Colour, spontaneity, and fireworks
Italian calligrapher Betty Soldi talks about her work and studio in a once-derelict Tuscan greenhouse.

Photography by Maria Riazanova

Betty Soldi lives in a world that’s bursting with colour – which isn’t surprising when you discover she’s part of an Italian family who have been making fireworks since 1869. Whilst her ancestors chose gunpowder and string as their creative medium, Betty has always preferred to use paper and ink. Convinced that her pyrotechnic lineage was at the root of her decision to become a calligrapher, she moved to the UK to study design at Ravensbourne University and returned to her hometown of Florence a decade ago, after many years working for distinguished clients in Paris, London and New York.

Settling back into Tuscany’s capital, Betty was determined to find a studio large enough to accommodate her vast collection of books and objects. She was lucky to discover a derelict greenhouse with its own garden, just a short walk from the famous Pitti Palace and Ponte Vecchio. Betty explained, “I’m an urban bunny at heart. I love the energy you feel when you live in a sprawling metropolis; there’s that inimitable mix of old and new. But the other part of me adores nature, so I’ve been very lucky to find both of those things together in one place.

It was all boarded up when I stumbled across it so at the time it was difficult to understand quite how spectacular it was. With so many windows, it is always flooded with natural light even on the cloudiest days, which for me, is absolutely ideal. It was built for lemon trees in 1801, as part of the first ever ‘English garden’ in Florence, which probably doesn’t sound hugely significant, but back in those days the strict, geometric Italianate style was much more prevalent, and landscaping was all about trying to control nature. This presented a shift in attitude – there was a romantic rebellion to it, because if a leaf or wilted rose wanted to drop on the floor then it could do so, and nobody felt the need to pick it up.”

Betty occasionally holds calligraphy masterclasses and cites the unpredictability of nature as something that heavily influences the way she teaches students who come to her hoping to improve their decorative handwriting skills. Pausing for a moment, she reflected on her reasons for encouraging spontaneity as part of the creative process, “Here in Florence, everyone always talks about how great the renaissance was. When we study the philosophy of Michelangelo, Botticelli and Leonardo, we know they were all taught to nurture themselves first before expressing anything to the world. They understood history and this is what gave them all such strong bases to work from – but for me, as a modern calligrapher, I prefer to take note of the old rules of typography, but then make my own way. This is Florentine humanist thinking. Nature inspires us and we have a duty to do something with it.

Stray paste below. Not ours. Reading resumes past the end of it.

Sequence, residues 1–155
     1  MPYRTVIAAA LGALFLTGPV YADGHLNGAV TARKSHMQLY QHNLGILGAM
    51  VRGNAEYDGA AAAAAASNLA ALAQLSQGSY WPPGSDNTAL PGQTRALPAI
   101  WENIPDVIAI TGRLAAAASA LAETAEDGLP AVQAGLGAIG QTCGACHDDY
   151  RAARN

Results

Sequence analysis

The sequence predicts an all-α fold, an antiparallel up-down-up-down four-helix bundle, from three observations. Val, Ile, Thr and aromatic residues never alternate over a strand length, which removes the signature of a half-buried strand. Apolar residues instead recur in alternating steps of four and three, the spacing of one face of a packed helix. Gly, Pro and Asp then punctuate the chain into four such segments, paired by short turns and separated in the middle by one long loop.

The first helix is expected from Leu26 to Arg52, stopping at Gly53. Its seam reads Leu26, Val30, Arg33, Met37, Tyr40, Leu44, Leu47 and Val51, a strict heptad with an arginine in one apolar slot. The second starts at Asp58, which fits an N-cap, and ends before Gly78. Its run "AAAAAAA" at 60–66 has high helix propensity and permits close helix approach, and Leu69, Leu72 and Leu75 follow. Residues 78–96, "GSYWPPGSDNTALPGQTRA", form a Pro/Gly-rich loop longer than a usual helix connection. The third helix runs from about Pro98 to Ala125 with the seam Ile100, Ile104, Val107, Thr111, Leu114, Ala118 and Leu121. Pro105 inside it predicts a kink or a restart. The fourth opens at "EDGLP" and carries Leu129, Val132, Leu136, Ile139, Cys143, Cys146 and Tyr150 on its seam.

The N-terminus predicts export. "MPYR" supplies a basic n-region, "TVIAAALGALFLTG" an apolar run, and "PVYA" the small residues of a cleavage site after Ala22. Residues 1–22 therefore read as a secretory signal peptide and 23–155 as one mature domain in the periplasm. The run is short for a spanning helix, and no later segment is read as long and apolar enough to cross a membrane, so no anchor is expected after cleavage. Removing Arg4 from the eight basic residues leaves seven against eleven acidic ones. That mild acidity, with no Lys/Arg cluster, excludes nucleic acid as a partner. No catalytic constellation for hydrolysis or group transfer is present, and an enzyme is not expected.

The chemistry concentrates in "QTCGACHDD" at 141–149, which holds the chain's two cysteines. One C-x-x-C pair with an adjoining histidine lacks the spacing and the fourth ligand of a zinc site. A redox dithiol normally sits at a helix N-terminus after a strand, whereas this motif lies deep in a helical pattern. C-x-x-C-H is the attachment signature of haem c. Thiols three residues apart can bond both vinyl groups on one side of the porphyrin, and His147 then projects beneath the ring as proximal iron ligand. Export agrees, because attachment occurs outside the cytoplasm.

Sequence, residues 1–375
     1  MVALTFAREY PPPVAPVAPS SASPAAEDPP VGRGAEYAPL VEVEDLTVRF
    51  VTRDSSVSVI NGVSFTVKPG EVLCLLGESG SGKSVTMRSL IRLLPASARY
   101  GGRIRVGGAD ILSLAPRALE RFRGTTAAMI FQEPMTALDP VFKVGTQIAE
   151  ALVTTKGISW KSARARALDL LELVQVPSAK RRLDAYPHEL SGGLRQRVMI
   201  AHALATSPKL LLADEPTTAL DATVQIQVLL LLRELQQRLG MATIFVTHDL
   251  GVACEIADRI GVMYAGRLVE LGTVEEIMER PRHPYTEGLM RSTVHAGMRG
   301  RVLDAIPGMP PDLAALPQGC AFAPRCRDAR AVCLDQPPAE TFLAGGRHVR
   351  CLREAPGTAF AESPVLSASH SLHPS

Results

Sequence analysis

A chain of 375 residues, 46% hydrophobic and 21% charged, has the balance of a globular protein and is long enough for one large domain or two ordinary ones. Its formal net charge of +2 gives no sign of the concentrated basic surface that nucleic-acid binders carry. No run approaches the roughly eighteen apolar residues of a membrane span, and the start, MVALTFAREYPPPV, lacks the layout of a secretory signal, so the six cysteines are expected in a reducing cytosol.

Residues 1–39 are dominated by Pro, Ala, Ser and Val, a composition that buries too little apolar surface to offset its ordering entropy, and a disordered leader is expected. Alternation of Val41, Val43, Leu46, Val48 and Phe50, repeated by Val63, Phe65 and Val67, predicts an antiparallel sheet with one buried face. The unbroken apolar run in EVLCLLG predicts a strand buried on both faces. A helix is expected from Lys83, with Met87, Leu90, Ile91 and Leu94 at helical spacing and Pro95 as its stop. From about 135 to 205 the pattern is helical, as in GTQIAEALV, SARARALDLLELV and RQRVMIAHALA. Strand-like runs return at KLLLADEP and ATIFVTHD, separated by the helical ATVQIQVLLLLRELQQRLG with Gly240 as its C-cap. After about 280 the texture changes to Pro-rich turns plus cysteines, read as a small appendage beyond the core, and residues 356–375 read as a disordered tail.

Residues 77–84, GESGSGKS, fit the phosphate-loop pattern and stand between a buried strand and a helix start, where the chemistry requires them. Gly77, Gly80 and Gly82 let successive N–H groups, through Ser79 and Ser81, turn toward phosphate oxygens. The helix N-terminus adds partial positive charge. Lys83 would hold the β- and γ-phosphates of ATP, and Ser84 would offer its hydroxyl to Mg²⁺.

When I’m teaching, I’m not interested in the perfect ‘A’. Instead, I show the students examples of ‘perfect As’ and tell them that this is just the starting point for design. You learn age-old rules and then find a way to express your own interpretation of them – you take what you know from history and make it authentically yours. I like to try and guide people into feeling (with their writing at least) like they can safely allow themselves to ‘let go’. I love scribbles, I love scrawls and graffiti. There is beauty in everything.”

This sentiment is clearly demonstrated in Betty’s rainbow of colour-coded artbooks and trinkets, which are housed on the 606 Universal Shelving System installed along the only wall which runs across the back of the studio. Renovating such a beautiful but awkward space presented Betty with the challenge of storing and displaying the materials that inspire her work every day. Smiling, she recalled, “I knew Vitsœ would be my saviour. I’m the type of person who likes to have lots of things around them to help fire up the imagination. I needed a solution that would help me keep them, display them and curate them – but most importantly, to allow me to mix them up whenever I feel like it. When people visit, their first comment is always, ‘Wow, you have so much stuff,’ but because it’s organised and contained within the system, people soon get past that initial shock and start to linger in front of the shelves looking at everything. It’s an attraction, it’s not a deterrent. It draws you in.

I remember the day before we were putting the shelves up, onto the freshly painted walls and I had this urge to write something. I grabbed a pen and wrote, ‘Thank you, universe’, because this incredible space happened to come to me. I know people are afraid of writing on walls, but I disagree. But then I’m a calligrapher, so I like to write on anything and everything! It’s still up there, hidden behind a book somewhere…”

As a chorus of church bells chimed close by, it was time to finish by asking if Betty had ever regretted not joining her relatives in the manufacturing side of the family fireworks business. With a grin she said, “It’s hard to believe that something that began as ammunition has been transformed into joy, awe and pure emotion. My cousins spend hours laboriously making everything by hand and then the fruits of their labour go up in smoke in seconds! They have always told me the hard work is worth it when you look at the pure wonder on people’s faces. I’ve always thought the explosions looked like writing in the sky; perhaps that’s why I ended up taking this path in life. So really, I do make fireworks for a living – but this time, with ink.”